Thursday July 12, 2012
Japan ramps up threat of forex action in long-term growth plan
TOKYO: Japan's government warned it would act decisively in foreign exchange markets if strong gains in the yen threatened the country's fragile economy, as it rolled out a long-term growth plan for the next eight years.
The growth strategy, which the government hopes to finalise in July or August, also aims to create a US$628bil green energy market by 2020 and calls on the Bank of Japan (BOJ) to maintain its ultra-easy monetary policy until the country makes a sustained exit from deflation.
In a draft obtained by Reuters on Tuesday, the government said it would “act appropriately” against any rapid yen rises that would hurt the exportreliant economy.
But that language was toughened up in an official plan released yesterday, in which the government said it would take “decisive action when necessary.”
The change follows calls from a ruling party lawmaker that it should stress its readiness to intervene in the currency market if the yen shoots up.
The long-term strategy, which is part of the government's effort to boost Japan's growth potential and nurture new industries, says Japan will aim to achieve average annual nominal growth of 3% and real growth of 2% by 2020.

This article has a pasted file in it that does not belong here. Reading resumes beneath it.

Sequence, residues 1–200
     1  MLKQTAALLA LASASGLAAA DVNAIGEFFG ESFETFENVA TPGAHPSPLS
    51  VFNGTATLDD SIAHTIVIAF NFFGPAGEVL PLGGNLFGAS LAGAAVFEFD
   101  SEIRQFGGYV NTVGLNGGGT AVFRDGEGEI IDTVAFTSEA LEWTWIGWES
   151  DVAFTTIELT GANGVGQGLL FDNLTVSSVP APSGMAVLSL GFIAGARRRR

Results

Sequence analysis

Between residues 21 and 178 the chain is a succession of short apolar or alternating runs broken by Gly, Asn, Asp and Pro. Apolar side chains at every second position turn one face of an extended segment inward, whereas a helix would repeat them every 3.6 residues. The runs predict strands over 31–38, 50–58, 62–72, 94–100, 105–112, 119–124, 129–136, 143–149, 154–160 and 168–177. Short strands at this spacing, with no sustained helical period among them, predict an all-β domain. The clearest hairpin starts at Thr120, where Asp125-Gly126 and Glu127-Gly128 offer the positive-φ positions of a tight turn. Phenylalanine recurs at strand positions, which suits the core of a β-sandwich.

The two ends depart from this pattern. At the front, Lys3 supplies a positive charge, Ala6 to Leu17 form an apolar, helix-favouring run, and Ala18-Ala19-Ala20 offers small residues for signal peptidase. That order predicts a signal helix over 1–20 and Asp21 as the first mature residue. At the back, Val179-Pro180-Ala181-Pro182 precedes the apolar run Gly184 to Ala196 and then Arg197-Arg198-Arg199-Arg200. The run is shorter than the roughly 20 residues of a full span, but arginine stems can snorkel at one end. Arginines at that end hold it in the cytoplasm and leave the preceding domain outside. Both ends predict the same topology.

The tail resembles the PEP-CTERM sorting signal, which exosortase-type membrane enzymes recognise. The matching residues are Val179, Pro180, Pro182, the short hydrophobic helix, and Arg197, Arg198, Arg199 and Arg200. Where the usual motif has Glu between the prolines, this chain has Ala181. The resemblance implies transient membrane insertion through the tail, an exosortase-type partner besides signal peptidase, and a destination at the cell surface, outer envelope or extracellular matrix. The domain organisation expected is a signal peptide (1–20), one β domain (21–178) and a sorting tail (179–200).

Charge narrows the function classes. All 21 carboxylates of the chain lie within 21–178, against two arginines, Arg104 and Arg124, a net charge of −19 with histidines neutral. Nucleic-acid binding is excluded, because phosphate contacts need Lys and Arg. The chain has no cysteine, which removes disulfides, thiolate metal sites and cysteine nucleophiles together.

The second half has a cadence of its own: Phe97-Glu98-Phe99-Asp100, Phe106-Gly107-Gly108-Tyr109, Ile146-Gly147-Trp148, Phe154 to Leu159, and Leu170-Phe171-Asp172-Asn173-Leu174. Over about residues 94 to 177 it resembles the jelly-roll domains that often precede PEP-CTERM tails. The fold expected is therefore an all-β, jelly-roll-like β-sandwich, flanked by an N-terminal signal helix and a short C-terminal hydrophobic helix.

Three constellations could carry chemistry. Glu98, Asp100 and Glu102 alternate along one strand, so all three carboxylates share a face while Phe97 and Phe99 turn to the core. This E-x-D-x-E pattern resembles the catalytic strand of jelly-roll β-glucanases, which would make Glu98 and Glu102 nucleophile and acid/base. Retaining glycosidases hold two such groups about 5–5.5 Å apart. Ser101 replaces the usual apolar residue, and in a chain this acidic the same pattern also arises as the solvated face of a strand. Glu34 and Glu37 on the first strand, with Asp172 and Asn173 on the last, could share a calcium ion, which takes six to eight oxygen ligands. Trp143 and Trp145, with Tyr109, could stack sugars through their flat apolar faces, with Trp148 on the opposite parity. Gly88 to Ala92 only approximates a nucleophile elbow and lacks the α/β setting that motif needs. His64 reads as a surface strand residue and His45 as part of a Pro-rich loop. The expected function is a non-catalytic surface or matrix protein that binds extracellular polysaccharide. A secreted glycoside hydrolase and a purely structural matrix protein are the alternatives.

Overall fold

The government did not set a deadline for beating deflation but said it would start conducting a review of the economy and prices twice a year. That process could add to political pressure on the central bank to take more action to spur stronger economic activity and beat deflation.
The plan released yesterday was the government's proposed version and would be further scrutinised by a panel of academics and in a meeting of ruling party lawmakers before being finalised.
The BOJ set a 1% inflation target and eased policy in February, and followed up with more monetary stimulus in April to show its determination to beat deflation. Japan's economy is expected to outperform most of its G7 peers this year with growth of around 2%, helped by reconstruction spending after a devastating earthquake and tsunami last year.
But most economists agree it will be some time before the BOJ's target is met.
But the stubbornly strong yen, Europe's continuing debt woes and slowing growth in emerging economies are clouding the outlook for the economy. - Reuters